Isamu Noguchi in his 10th Street, Long Island City, Queens Studio, 1964. Photograph by Dan Budnik. The Noguchi Museum Archives, 07281 ©2021 The Estate of Dan Budnik. All Rights Reserved / Isamu Noguchi Foundation and Garden Museum / ARS - DACS

Isamu Noguchi in his 10th Street, Long Island City, Queens Studio, 1964. Photograph by Dan Budnik. The Noguchi Museum Archives, 07281 ©2021 The Estate of Dan Budnik. All Rights Reserved / Isamu Noguchi Foundation and Garden Museum / ARS - DACS

During this period, Noguchi also continued his tireless exploration of different materials, experimenting with folded sheet-metal, balsa wood, and bronze. Stone, in particular, became a primary medium for Noguchi, for whom it was expressive of both the past and the future: ‘a congealment of time.’ He said to The New Yorker critic, Calvin Tomkins in 1980, ‘I like to think, when you get to the furthest point of technology, when you get to outer space, what do you find to bring back? Rocks!27’ In order to create his monumental granite sculpture Black Sun (1969), a public commission for the city of Seattle, WA, Noguchi sought the help of the Japanese stone-carver Masatoshi Izumi, who had a studio in Mure on the Japanese island of Shikoku and would become an important collaborator. Noguchi returned to Mure often, and in the early 1970s established a second home there where he continued to live and work part-time for the rest of his life. In subsequent years, Noguchi would become increasingly invested in carving hard Japanese granite and basalt, a practice he regarded as a dialogue with nature and time.

Isamu Noguchi, Sun at Noon, 1969. French red marble, Spanish Alicante marble, 154.9 x 154.9 x 21 cm. Photograph by Kevin Noble. The Noguchi Museum Archives, 00687 © Isamu Noguchi Foundation and Garden Museum / ARS - DACS

Isamu Noguchi, Sun at Noon, 1969. French red marble, Spanish Alicante marble, 154.9 x 154.9 x 21 cm. Photograph by Kevin Noble. The Noguchi Museum Archives, 00687 © Isamu Noguchi Foundation and Garden Museum / ARS - DACS

‘Stone became a primary medium for Noguchi, for whom it was expressive of both the past and the future: ‘a congealment of time‘‘.

1980–1988:
This Earth, This Passage

Isamu Noguchi in Machu Picchu, Peru, 1983. Photograph by Michio Noguchi. The Noguchi Museum Archives, 06974 © Isamu Noguchi Foundation and Garden Museum / ARS - DACS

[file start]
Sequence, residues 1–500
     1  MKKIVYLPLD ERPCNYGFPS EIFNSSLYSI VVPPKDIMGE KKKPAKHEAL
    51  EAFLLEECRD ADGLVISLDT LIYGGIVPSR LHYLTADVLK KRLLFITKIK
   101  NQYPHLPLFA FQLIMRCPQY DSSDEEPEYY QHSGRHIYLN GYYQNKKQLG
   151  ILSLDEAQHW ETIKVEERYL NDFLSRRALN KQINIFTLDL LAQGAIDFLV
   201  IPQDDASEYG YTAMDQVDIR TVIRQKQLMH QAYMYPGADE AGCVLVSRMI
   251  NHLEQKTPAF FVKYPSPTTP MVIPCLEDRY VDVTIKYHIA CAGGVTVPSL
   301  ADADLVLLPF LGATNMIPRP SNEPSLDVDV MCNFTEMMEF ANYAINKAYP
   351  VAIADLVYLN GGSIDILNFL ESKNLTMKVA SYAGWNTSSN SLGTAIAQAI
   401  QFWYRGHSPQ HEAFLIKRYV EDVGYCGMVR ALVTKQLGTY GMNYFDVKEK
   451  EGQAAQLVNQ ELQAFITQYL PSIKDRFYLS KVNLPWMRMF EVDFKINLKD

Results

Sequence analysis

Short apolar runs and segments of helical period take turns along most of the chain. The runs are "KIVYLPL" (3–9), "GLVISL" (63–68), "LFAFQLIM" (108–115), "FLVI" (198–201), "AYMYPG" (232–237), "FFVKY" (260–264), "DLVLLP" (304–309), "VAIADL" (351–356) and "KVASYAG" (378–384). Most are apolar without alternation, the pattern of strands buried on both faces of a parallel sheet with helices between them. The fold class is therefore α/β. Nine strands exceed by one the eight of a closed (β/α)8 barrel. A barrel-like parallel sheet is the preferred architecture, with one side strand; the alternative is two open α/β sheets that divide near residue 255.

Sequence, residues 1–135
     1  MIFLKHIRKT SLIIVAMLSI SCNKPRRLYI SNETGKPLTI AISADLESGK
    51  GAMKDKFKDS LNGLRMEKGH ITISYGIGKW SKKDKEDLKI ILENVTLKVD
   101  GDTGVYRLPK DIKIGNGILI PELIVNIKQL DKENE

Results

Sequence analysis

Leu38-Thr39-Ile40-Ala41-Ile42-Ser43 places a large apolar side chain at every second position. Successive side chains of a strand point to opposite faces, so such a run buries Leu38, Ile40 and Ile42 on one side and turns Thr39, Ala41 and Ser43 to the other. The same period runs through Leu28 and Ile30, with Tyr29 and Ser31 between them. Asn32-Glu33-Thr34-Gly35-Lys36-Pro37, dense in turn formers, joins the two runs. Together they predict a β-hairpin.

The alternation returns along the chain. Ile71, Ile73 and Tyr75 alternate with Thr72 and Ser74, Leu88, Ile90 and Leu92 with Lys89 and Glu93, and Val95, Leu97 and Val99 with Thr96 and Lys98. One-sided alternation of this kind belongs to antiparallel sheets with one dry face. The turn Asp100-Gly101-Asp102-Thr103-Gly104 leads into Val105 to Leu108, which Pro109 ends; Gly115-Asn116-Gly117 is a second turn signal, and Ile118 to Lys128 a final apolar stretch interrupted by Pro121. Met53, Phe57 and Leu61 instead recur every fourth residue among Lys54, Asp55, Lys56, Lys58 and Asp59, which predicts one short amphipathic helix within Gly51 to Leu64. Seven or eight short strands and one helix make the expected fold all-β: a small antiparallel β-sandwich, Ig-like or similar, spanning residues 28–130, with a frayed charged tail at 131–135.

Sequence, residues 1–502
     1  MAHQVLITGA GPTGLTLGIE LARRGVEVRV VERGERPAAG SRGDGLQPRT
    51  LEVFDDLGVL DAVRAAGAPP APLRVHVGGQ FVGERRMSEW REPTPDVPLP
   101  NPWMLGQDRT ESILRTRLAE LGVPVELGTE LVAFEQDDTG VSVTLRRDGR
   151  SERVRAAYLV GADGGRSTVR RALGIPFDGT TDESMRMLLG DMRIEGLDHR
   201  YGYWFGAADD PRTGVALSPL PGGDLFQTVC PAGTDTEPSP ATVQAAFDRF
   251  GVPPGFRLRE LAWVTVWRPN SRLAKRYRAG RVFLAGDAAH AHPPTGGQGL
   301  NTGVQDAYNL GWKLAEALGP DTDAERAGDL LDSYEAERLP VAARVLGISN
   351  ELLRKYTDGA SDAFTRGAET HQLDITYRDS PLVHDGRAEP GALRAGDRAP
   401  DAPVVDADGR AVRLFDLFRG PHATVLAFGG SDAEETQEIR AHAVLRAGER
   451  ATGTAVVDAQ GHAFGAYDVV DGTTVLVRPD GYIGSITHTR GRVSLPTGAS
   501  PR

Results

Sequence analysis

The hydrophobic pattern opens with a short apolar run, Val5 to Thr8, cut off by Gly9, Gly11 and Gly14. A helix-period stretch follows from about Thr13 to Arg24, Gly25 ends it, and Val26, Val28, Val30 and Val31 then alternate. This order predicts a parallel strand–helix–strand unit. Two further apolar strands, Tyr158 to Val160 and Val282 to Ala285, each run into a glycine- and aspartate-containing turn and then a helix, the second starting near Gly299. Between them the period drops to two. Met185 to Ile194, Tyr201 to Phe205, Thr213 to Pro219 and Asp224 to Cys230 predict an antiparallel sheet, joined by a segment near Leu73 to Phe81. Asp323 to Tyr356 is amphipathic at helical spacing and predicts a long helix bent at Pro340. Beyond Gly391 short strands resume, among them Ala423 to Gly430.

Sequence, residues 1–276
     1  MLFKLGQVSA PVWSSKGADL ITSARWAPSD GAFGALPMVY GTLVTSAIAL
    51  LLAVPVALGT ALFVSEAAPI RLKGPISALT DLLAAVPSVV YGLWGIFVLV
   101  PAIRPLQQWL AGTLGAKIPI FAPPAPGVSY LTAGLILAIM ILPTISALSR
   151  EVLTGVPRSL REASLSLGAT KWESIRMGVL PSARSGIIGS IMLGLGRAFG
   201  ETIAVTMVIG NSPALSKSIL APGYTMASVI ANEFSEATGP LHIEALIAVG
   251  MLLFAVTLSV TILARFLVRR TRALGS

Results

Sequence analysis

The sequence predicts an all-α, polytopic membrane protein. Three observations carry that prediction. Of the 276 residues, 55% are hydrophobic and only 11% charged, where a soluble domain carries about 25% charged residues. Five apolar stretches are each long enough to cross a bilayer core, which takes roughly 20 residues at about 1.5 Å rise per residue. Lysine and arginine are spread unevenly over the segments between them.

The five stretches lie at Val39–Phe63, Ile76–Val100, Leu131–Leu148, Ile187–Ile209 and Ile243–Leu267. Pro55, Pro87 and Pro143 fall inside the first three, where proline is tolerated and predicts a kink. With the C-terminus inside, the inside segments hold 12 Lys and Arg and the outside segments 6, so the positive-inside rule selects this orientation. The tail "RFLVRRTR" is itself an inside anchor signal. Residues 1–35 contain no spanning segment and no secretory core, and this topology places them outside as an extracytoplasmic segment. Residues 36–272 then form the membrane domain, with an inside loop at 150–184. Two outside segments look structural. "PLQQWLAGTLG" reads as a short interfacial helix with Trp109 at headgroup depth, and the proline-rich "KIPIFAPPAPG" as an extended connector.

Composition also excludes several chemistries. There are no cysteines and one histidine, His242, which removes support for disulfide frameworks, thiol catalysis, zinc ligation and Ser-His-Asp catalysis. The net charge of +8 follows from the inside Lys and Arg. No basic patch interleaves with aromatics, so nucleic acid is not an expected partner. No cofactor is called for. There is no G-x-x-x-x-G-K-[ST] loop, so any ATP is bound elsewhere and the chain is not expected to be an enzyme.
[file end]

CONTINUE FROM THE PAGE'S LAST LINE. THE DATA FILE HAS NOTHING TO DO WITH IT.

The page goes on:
Isamu Noguchi in Machu Picchu, Peru, 1983. Photograph by Michio Noguchi. The Noguchi Museum Archives, 06974 © Isamu Noguchi Foundation and Garden Museum / ARS - DACS

‘We are a landscape of all we know’
Isamu Noguchi, ’The Isamu Noguchi Garden Museum’, 126.

In his later years, Noguchi was thinking deeply about the full scope of his work and his legacy. Largely discontent with the model of traditional museums and the demands of the market-driven art world, Noguchi decided to establish his own museum in a space adjacent to his studio and home in Long Island City, which he carefully renovated the space and installed with his work. The Isamu Noguchi Garden Museum officially opened to the public in 1985. Noguchi conceived of the Museum as a repository of his work and record of his thinking, but also as a living resource: a shared space for visitors to come together, reflect, and learn. If the museum is itself a type of spatialised biography, Noguchi began his story at the end, filling the first gallery with his late basalt sculptures. These works in stone represent Noguchi’s continued efforts to engage directly with the earth and its evolution. ‘Stone,’ he said in John Gruen’s The Artist Speaks series for Art in America, ‘is a direct link to the heart of matter - a molecular link. When I tap it, I get the echo of that which we are - in the solar plexus - the center of gravity of matter. Then, the whole universe has a resonance!28’ Noguchi’s museum remains one of his greatest sculpted environments, and like so much of his work, represents his unique capacity to sidestep conventions to create a space for new ways of being and thinking.

Isamu Noguchi tests Slide Mantra at "Isamu Noguchi: What is Sculpture?", 1986 Venice Biennale. Photograph by Michio Noguchi. The Noguchi Museum Archives, 144398 © Isamu Noguchi Foundation and Garden Museum / ARS - DACS

Isamu Noguchi tests Slide Mantra at "Isamu Noguchi: What is Sculpture?", 1986 Venice Biennale. Photograph by Michio Noguchi. The Noguchi Museum Archives, 144398 © Isamu Noguchi Foundation and Garden Museum / ARS - DACS